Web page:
NC Republicans to vote on whether to further delay primary elections
The proposal is expected to eliminate runoffs and aims to let Republicans control their own destiny in redrawing voting maps if the Supreme Court strikes the current ones downPosted — Updated
The move, announced Monday by Senate Republicans, aims to boost the party’s control over the process of drawing congressional and legislative maps if the state Supreme Court decides next month to strike down new voting maps the GOP put in place last fall.
Under the proposal announced Monday, the election would be held on June 7.
State law requires the legislature have at least two weeks to draw new boundaries if a court strikes down ones currently in place. Because the Supreme Court is hearing the case Feb. 2 and the state Board of Elections has said drawing needs to be finished by the week of Feb. 14 under the current schedule, Republicans worried “an extremely short timeframe” could cause “unnecessary confusion and chaos.”
State Sen. Ralph Hise, a western North Carolina Republican who helped lead the redistricting process and is among those listed on lawsuits filed by voting rights groups, said in a statement that the primary delay would also give potential candidates more time to decide whether to seek elected office in possible new districts.
The plan is also likely to prolong an already bitter GOP primary for U.S. Senate between former Gov. Pat McCrory, U.S. Rep. Ted Budd and former Rep. Mark Walker. Walker remains in the race but has spent the past month mulling a potential U.S. House bid for a Greensboro-area seat.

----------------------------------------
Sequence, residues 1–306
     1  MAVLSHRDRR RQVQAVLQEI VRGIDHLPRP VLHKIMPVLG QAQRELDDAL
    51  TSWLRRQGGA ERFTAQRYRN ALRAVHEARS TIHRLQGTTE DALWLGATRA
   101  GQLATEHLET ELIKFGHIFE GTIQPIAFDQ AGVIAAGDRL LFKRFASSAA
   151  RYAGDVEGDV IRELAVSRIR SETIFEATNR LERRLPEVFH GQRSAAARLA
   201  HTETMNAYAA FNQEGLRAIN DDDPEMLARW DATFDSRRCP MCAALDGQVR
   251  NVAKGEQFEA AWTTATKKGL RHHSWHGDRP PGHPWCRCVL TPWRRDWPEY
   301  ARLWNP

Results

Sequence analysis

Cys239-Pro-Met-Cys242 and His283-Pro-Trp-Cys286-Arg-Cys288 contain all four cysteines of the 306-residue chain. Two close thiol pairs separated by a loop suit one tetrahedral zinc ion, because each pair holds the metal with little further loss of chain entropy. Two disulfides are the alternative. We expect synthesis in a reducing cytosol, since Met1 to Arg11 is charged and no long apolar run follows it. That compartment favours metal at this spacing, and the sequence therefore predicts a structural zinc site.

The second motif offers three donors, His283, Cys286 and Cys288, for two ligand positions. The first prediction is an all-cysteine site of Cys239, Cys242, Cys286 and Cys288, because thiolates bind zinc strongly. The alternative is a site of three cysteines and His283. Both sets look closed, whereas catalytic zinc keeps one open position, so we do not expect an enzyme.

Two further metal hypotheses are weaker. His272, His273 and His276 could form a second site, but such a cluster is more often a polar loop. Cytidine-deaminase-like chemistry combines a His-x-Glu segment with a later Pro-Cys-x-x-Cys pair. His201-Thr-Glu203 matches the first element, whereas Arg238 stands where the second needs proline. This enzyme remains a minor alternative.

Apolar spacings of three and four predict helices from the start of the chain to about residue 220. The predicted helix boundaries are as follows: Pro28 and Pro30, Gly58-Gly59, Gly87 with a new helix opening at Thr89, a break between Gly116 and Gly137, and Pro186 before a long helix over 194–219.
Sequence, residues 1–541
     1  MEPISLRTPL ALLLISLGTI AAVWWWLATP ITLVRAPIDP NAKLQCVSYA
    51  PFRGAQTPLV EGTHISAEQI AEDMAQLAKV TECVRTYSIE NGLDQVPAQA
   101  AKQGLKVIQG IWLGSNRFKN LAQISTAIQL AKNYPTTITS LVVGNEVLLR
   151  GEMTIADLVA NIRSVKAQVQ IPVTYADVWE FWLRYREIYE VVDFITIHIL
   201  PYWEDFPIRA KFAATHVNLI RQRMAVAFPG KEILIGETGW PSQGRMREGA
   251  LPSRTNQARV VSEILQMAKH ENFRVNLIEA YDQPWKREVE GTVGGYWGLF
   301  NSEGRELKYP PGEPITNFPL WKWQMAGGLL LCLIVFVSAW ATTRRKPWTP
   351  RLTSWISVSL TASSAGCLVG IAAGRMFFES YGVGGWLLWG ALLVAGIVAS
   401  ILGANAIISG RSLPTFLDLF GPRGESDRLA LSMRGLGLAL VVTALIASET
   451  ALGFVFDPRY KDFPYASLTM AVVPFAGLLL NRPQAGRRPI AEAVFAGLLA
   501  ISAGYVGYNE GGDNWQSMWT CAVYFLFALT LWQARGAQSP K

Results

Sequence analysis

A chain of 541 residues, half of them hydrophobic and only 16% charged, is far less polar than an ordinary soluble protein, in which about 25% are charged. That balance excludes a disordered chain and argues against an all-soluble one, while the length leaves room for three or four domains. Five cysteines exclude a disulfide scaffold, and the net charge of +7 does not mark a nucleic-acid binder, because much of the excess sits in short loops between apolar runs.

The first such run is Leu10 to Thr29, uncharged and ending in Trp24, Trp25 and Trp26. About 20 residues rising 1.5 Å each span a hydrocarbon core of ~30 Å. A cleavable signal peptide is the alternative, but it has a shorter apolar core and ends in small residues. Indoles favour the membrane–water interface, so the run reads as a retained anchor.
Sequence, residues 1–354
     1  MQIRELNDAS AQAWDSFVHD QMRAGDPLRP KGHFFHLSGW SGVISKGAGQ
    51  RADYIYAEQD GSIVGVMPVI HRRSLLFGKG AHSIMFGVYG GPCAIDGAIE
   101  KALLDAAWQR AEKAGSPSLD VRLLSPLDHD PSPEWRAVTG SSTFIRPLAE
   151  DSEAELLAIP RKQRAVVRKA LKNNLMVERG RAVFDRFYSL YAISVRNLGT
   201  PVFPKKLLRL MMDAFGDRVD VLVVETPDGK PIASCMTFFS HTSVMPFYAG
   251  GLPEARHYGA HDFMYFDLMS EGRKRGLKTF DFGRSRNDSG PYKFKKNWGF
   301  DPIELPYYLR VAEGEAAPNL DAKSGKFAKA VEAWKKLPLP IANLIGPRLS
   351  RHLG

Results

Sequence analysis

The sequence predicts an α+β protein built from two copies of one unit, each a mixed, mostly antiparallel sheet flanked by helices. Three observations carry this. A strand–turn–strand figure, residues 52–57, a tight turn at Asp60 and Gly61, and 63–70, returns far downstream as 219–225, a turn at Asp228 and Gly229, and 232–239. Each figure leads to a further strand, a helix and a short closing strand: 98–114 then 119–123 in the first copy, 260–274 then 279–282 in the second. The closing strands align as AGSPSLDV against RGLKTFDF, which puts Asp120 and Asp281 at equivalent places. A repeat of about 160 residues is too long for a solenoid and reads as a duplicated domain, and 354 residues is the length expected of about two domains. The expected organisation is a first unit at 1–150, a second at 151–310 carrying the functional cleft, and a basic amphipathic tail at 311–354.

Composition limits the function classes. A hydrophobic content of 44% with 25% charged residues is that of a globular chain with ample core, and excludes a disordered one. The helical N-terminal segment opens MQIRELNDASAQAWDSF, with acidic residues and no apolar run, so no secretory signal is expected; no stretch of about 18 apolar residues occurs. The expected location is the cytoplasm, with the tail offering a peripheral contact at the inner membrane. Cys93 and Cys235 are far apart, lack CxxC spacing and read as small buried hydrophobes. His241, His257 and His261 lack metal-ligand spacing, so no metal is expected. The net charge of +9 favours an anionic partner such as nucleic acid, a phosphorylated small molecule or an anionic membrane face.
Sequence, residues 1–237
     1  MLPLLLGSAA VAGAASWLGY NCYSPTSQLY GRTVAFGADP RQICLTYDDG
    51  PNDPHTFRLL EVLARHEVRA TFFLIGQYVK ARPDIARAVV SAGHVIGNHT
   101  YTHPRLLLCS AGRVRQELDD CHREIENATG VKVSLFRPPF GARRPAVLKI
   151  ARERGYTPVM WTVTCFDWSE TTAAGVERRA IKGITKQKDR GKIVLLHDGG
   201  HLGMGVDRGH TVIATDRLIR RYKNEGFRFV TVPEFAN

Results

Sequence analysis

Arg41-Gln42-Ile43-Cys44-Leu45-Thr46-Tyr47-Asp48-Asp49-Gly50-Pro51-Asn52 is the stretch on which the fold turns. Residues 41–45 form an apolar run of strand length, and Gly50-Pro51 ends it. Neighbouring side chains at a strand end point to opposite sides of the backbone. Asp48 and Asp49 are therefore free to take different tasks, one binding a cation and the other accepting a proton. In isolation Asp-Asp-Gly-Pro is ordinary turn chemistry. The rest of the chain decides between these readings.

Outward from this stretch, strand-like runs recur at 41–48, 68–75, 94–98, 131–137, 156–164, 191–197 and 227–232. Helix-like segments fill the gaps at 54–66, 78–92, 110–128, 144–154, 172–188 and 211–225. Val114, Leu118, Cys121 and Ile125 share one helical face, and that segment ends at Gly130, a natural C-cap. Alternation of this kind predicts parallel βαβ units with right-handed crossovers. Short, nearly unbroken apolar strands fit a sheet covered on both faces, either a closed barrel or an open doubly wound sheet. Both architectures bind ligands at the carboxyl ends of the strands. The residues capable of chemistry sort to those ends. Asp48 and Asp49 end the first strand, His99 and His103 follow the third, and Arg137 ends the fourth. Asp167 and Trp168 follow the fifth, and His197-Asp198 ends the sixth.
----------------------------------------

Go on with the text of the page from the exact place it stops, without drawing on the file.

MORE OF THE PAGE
Pat Ryan, a spokesman for Senate leader Phil Berger, said “the bill will not contemplate a runoff election,” meaning that whichever primary candidate captures a plurality of votes will win their party’s nomination and be able to compete in the general election. He said the bill language is not yet finalized and that the plan for no runoffs is still subject to change.
Under the current election schedule, candidates must get 30% of the vote to secure their party’s nomination. The 30% threshold may not be attainable in crowded primary contests.
The GOP-controlled House and Senate last fall passed maps highly advantageous to Republicans. The legislative boundaries make it easier for the party to regain supermajorities, thus allowing GOP lawmakers to turn bills into law without the support of Democratic Gov. Roy Cooper. In a state that is nearly evenly split politically, the congressional map is likely to give Republicans 10 or 11 of the 14 U.S. House seats up for grabs.
Jordan Monaghan, a spokesman for Cooper, said in a statement that lawmakers "should avoid additional attempts to undermine the voting process."
If the Supreme Court has an evenly split decision or sides with Republicans, the current maps will stand. If the court sides with voting rights groups arguing the maps violated the state constitution because they were drawn for pure partisan gain and to dilute the voting power of racial minorities in a way that stifles free and fair elections, then Republican state lawmakers could see an increased likelihood of the Supreme Court drawing new maps itself by citing time constraints.
Monday’s announcement from Hise reduces the likelihood of the court ordering maps to be crafted outside the Republican-controlled General Assembly.
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